Here's a tip. If a local TV news reporter calls you to set up an interview, chances are he wants to come over RIGHT NOW. Why so soon? Because news crews don't get their story assignments until around mid-morning on the day they're due. Ideas that begin as three word descriptions on a dry erase board at 9 am regularly air that afternoon as heavily-edited ninety second epics of sight, narration an sound. This quick turnaround is a surprise to much of the general public, though I'm sure most of them have watched TV news sometime in their past. Of course the 'day-of turn' model limits the storytelling possibilities somewhat; it's pretty impossible to replicate what your boss saw on Dateline last night when given only a few hours to do so. Still, my colleagues and I pride ourselves on delivering as sophisticated a vista as possible, given the sometimes unthinkable pace of our production.
All of which makes my class of newsgatherer a rather fractic cat. Continually on the move, we race about in our logo'd chariots at breakneck pace, parking where we shouldn't and often barging in at the last moment, lights-n-lens a blazin'. It's not that we're rude, we're just accustomed to people making way for the almighty press, for it's the rare citizen that will not promptly stop and drop when the big shiny Tee-Vee cameras wanna come over. Something about the thought of invading the region's collective living room 'round dinnertime makes both politician and punk-ass rethink their schedule. Whatever that says about society could be the subject of another post; I'm just documenting what went through my head yesterday when a certain electronics store manager brought a halt to my day before it ever started.
It was one o clock, five full hours before was slotted to air. But having yet to pull the trigger, my reporter and I rolled into the big-box gadget store ready to turn a quick story on iPod security. So you can imagine our surprise when the nice-enough lady behind the counter hit us with the ever dreaded:
"Oh - you're here. I thought you were gonna call. We can't do it today. How 'bout tomorrow?"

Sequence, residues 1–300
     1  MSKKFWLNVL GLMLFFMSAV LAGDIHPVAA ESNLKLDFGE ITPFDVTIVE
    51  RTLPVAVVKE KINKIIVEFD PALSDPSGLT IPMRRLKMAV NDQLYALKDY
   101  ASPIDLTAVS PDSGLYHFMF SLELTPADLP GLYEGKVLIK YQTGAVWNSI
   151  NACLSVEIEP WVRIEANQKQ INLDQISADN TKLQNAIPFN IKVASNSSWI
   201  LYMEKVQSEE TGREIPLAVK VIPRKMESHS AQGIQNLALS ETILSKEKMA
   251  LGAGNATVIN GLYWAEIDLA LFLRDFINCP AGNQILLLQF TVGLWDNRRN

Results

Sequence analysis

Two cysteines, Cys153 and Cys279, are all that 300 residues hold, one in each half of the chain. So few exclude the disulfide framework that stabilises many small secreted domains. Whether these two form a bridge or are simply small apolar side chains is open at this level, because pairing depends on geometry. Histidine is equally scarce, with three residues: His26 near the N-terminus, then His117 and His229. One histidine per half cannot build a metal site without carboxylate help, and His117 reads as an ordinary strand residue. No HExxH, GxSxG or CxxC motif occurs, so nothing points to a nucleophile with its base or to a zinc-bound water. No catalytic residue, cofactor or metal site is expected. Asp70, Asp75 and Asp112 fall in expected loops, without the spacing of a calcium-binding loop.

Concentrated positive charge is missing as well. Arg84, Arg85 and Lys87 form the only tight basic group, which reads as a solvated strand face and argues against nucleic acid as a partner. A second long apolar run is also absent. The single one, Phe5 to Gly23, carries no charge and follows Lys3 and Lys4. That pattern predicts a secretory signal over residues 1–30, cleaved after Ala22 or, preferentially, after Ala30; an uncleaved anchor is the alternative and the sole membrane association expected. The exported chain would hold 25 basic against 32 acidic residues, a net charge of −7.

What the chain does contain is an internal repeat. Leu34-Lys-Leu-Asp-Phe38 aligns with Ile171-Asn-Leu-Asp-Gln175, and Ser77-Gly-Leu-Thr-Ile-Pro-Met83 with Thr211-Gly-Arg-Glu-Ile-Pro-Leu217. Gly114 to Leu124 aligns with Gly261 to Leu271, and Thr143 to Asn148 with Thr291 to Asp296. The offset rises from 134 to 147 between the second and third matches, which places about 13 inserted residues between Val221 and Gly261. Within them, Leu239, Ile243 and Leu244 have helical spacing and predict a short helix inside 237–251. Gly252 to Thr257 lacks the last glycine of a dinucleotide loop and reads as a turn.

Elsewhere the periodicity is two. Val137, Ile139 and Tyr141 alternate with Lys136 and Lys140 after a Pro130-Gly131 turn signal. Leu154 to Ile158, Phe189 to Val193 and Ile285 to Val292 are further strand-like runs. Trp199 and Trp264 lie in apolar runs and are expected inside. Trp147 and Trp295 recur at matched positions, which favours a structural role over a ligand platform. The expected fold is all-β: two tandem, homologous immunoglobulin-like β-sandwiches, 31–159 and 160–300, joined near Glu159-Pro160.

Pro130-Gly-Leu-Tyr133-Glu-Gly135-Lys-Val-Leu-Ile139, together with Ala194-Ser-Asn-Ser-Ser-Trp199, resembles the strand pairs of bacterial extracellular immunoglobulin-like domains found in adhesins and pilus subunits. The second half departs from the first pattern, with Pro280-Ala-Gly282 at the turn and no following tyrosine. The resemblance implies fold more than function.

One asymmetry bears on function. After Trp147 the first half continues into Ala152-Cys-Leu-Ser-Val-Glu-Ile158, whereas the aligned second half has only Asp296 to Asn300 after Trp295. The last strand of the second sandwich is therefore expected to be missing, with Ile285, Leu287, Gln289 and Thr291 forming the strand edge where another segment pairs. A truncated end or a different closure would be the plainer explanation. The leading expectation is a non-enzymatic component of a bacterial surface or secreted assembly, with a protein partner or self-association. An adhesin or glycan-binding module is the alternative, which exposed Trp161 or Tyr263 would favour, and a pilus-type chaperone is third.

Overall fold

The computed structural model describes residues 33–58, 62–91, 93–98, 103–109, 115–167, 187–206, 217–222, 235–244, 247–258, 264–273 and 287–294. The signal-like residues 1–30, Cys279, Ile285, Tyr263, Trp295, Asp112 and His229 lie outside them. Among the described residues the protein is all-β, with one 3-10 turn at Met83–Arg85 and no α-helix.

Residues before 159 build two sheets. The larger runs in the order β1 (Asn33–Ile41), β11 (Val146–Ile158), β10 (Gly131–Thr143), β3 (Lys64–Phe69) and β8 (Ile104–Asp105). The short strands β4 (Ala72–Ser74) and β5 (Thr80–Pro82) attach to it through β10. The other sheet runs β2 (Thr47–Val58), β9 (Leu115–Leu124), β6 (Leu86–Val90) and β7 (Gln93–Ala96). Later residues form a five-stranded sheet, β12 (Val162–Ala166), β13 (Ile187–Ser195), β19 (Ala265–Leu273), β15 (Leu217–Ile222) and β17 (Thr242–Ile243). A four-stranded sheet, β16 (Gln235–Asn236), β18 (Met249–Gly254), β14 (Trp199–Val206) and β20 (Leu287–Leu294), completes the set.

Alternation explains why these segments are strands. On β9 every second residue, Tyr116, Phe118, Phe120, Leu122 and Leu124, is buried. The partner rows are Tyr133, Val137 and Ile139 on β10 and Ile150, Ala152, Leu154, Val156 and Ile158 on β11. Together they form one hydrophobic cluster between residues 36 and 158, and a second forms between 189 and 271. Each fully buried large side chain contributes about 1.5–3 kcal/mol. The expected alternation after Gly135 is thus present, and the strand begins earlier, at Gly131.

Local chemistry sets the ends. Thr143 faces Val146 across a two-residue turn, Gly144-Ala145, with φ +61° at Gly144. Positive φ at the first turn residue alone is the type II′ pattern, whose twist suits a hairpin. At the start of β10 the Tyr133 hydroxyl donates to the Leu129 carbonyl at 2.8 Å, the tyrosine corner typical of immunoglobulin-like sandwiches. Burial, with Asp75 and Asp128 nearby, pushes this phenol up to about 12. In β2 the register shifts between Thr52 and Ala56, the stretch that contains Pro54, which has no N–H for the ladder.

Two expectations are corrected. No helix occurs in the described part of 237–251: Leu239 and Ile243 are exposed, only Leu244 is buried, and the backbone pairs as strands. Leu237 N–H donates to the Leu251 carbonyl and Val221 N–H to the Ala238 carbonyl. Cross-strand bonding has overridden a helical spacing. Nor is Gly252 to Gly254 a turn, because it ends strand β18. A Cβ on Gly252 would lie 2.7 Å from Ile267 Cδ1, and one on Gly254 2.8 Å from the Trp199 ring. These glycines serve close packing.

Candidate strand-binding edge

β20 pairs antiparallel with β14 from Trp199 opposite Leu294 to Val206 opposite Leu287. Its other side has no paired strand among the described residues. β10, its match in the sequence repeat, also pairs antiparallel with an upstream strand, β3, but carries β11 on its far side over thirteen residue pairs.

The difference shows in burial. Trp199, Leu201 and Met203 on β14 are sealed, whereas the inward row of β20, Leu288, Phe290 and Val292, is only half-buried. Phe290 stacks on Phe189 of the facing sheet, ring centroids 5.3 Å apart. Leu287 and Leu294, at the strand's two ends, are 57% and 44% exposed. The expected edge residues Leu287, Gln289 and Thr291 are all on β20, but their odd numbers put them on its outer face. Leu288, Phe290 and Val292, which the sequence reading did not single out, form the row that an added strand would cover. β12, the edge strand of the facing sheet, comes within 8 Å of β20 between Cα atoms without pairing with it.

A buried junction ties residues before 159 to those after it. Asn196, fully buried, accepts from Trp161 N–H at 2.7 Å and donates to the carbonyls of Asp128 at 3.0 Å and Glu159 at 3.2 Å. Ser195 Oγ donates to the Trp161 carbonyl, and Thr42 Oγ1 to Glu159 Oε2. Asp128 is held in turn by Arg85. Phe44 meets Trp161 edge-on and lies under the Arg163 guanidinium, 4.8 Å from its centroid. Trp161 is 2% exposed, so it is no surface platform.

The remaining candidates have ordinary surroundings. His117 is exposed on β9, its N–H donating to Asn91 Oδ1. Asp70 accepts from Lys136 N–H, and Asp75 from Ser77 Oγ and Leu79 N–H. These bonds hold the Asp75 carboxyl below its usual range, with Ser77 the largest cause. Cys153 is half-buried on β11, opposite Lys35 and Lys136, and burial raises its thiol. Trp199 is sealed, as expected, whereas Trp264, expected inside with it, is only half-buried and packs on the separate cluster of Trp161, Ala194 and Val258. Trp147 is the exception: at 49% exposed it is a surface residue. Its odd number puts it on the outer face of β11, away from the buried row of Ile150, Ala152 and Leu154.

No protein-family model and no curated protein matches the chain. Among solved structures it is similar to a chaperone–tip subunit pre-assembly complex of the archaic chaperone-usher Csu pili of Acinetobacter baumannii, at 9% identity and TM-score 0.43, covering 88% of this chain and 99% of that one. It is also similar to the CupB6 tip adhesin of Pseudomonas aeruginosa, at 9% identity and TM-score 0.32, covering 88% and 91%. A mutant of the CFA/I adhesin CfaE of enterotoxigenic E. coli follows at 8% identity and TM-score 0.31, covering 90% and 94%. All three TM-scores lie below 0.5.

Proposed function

After recoiling from the hit, my reporter leaned in firm but polite, reminding the manager she had called several times to confirm the appointment. An slightly annoyed sales assistant piped up from behind a cash register to verify she'd taken our messages. What followed was a tempered debate in the politics of phone tag, whereupon I scanned the laptop aisle while the ladies hashed it out. All remained calm but the store manager didn't seem to understand that the story we had yet to shoot was already being promoted on-air and that we would make it happen with or without her. The manager, whose problem this was not, smiled and shook her head slowly as she repeatedly suggested we just do the whole thing tomorrow.
'Tomorrow doesn't exist' I thought as we gathered our gear and skulked toward the door. In the 24 hour news cycle, what happens the following day couldn't be more irrelevant. The manager, however, moved at the speed of retail; the plight of the local news crew that had banked on her midday commitment was equally unimportant in her overly-lit flourescent world. For what it's worth we found a sister store twelve miles away that was happy to have us. All the countertop kerfluffle really did was rob me of about forty five minutes in the edit suite, time that's priceless to a broadcast burnout like myself.
Speaking of time, I'm out if it. -- Seeya!